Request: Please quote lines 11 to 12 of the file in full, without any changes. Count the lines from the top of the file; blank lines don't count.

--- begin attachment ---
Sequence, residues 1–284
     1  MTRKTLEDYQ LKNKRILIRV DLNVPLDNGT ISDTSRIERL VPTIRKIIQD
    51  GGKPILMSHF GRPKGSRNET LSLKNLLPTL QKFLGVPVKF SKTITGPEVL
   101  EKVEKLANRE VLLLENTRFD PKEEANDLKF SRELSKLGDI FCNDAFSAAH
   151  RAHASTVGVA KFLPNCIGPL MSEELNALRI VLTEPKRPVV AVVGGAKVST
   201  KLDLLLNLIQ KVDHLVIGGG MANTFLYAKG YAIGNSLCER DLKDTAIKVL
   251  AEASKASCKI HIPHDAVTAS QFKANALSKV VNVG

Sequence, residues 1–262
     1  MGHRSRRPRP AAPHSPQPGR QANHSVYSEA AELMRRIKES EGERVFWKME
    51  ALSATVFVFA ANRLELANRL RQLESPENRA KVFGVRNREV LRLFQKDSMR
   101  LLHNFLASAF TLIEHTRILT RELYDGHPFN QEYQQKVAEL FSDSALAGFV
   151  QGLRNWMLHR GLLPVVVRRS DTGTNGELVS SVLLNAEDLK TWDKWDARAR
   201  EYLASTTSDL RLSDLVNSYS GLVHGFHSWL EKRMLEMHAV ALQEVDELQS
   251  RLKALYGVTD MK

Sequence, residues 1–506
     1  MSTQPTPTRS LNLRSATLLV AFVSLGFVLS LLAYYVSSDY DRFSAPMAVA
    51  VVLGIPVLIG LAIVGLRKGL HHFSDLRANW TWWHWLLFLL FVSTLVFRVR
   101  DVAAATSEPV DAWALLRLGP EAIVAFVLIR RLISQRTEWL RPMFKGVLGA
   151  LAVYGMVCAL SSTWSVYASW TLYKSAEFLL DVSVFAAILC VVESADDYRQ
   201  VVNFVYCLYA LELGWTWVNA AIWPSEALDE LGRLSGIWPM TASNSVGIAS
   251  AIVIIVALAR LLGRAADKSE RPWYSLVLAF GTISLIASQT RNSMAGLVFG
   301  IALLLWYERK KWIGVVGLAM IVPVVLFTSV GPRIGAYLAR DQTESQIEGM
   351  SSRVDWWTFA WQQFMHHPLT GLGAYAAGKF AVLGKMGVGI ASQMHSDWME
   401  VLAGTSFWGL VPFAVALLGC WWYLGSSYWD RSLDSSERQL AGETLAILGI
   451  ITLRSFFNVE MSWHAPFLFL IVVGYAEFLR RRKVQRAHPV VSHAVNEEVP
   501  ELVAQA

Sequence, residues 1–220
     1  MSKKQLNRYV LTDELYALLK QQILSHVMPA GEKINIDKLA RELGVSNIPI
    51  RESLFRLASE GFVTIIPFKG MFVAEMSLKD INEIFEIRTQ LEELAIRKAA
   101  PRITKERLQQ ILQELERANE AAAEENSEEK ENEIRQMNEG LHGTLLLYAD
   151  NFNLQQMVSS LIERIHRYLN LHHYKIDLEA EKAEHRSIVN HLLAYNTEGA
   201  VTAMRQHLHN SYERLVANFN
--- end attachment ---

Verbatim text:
   101  LLHNFLASAF TLIEHTRILT RELYDGHPFN QEYQQKVAEL FSDSALAGFV
   151  QGLRNWMLHR GLLPVVVRRS DTGTNGELVS SVLLNAEDLK TWDKWDARAR